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Richmond Artist Competes in TV Tattoo Fight


“There’s just not a lot of tattoo artists out there doing what I do,” says Jesse Smith, owner of Loose Screw Tattoo. He competes on “Ink Master” beginning Oct. 9. - ASH DANIEL
  • Ash Daniel
  • “There’s just not a lot of tattoo artists out there doing what I do,” says Jesse Smith, owner of Loose Screw Tattoo. He competes on “Ink Master” beginning Oct. 9.

"We've got 'Ink Master' on the phone," a friend informed Jesse Smith one day last spring at Loose Screw Tattoo studio.

"Get the fuck out of here," Smith scoffed. But the call was real. So despite his hesitations, he said yes to appearing on Spike TV's popular tattoo competition show — its highest-rated original series. "I knew that if I didn't do it," he says, "later on down the road I would regret it. Or I'd always wonder what would have happened."

The 35-year-old joined 15 other tattoo artists battling for a $100,000 prize. The competition consists of a series of challenges in which each artist must sketch and execute a tattoo in a specific style.

Smith's brash, cartoonish work leaps out from the realistic portraits and sugar-skull babes in the competitors' portfolios. His style emerged from a youth spent doing graffiti in Heidelberg, Germany. His first clients made simple requests, such as, "I want a bunny rabbit tattooed on my arm." But Smith longed to create more depth in his work. He began to imagine a place called Ferchett's Island — one territory in Carkayous, a much larger world inhabited by other artists' creations — in which his animal characters lived. Clients who choose to be a part of Ferchett's Island get a full story on their skin.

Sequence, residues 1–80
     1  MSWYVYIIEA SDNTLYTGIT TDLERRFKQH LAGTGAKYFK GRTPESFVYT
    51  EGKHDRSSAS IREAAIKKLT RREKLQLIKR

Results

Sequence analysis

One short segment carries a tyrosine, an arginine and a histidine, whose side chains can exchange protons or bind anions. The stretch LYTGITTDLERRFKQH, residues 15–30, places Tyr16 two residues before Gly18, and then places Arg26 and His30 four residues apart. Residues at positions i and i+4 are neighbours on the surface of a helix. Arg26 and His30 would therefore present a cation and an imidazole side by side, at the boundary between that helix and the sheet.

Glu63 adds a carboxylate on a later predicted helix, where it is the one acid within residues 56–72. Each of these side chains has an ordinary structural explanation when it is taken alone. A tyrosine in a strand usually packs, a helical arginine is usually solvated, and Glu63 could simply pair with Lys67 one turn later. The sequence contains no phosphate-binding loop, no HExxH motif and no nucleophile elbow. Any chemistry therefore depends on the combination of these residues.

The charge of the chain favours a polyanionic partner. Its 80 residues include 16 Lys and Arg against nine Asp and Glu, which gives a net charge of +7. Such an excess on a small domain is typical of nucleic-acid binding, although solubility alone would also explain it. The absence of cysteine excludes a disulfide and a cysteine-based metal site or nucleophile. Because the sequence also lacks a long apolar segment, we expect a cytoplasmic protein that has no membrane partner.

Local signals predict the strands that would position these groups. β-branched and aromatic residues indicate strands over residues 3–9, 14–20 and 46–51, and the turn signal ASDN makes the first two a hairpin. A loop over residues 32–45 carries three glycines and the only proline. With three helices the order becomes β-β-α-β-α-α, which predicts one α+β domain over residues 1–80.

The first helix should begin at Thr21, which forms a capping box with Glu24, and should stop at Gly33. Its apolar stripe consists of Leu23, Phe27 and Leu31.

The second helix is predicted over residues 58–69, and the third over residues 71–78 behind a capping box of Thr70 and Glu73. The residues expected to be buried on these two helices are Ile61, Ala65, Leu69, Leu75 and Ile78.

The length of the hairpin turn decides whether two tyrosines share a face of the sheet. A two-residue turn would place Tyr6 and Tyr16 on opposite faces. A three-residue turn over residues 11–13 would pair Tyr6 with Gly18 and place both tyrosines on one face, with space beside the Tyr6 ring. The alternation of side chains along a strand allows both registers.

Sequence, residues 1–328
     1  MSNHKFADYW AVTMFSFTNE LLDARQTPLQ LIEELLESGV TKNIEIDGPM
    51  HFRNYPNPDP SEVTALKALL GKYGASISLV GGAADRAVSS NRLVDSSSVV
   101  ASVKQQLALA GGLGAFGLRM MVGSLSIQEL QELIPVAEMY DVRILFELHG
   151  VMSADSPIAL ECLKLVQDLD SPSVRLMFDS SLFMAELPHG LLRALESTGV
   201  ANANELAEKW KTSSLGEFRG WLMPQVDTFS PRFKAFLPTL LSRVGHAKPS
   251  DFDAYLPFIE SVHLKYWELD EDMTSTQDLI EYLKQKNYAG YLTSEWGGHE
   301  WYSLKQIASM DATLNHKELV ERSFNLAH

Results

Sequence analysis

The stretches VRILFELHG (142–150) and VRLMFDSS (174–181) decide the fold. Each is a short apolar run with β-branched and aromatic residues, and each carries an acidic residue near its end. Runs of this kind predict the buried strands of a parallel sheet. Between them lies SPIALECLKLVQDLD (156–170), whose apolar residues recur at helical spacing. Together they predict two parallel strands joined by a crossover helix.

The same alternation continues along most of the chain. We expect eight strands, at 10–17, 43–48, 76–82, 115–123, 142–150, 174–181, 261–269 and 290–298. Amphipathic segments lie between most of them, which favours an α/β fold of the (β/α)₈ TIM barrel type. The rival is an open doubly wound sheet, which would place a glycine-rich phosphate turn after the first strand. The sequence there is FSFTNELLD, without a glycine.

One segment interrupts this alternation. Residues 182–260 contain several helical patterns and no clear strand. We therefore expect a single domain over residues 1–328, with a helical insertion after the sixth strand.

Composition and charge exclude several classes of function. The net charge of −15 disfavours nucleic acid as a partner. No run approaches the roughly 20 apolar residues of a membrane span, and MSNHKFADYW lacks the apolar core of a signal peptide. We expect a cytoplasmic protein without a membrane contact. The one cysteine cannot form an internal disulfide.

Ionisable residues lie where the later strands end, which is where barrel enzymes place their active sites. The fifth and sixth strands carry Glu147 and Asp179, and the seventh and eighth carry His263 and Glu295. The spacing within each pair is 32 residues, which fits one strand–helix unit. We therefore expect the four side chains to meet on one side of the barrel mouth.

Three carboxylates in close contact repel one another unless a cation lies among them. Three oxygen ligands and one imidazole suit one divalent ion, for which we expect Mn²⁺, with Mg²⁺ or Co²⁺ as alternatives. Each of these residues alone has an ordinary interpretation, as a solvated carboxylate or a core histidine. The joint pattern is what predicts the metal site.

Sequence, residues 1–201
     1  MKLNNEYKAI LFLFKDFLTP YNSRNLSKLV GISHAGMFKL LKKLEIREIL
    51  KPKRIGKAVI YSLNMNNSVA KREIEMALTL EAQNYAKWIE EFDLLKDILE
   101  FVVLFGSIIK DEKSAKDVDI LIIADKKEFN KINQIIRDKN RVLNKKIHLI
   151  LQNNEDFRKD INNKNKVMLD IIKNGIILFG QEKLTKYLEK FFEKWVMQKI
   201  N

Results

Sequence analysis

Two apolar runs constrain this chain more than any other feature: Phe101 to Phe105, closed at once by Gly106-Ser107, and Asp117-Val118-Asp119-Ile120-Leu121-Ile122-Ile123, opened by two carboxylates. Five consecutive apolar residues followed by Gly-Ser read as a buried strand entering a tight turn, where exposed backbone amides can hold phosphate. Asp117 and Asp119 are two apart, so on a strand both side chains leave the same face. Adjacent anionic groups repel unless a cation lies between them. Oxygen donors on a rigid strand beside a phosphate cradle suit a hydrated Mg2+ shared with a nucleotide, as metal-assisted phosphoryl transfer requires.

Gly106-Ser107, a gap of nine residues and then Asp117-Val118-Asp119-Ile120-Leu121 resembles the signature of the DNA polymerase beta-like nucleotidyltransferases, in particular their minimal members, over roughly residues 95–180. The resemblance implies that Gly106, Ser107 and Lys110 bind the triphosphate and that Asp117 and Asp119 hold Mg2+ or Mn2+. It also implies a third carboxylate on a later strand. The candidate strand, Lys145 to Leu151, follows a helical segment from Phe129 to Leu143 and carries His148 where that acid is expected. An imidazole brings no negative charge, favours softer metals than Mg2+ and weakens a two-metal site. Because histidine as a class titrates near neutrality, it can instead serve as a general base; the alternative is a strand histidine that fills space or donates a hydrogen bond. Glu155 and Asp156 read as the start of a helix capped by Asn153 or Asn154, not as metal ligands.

The most striking example of Smith's work may be a tattoo called "Killick Falls Lagoon," a swirling underwater fantasy populated by pearl-diving squirrels, green mermaids and mermen and other creatures. Covering a woman's entire back and legs, the piece took almost 10 years to complete.

After years spent bouncing from city to city, Smith settled in Richmond after graduating from Virginia Commonwealth University. He opened Loose Screw Tattoo in Carytown in 2011. "For the first time in my life," he says, "I actually have a home."

Leaving the studio for weeks of filming in New York City was tougher than he expected. "I've never really understood what anxiety is until I got in front of the cameras," Smith says. And after 10 years of working exclusively in his style, he says, he wasn't prepared for the diverse challenges the show demanded, such as traditional tattooing and Japanese styles.

The judges, including Jane's Addiction guitarist Dave Navarro, could be cutting. But "for the most part," Smith says, "it was easy for me to take their critiques simply because I agreed with a lot of the stuff they said."

How far did he get? He can't say — and anyway, the outcome hasn't been decided. The live finale airs Dec. 18.

"Ink Master" premieres Tuesday, Oct. 9, at 10 p.m. Smith plans a public viewing party at Sumo San in Shockoe Bottom.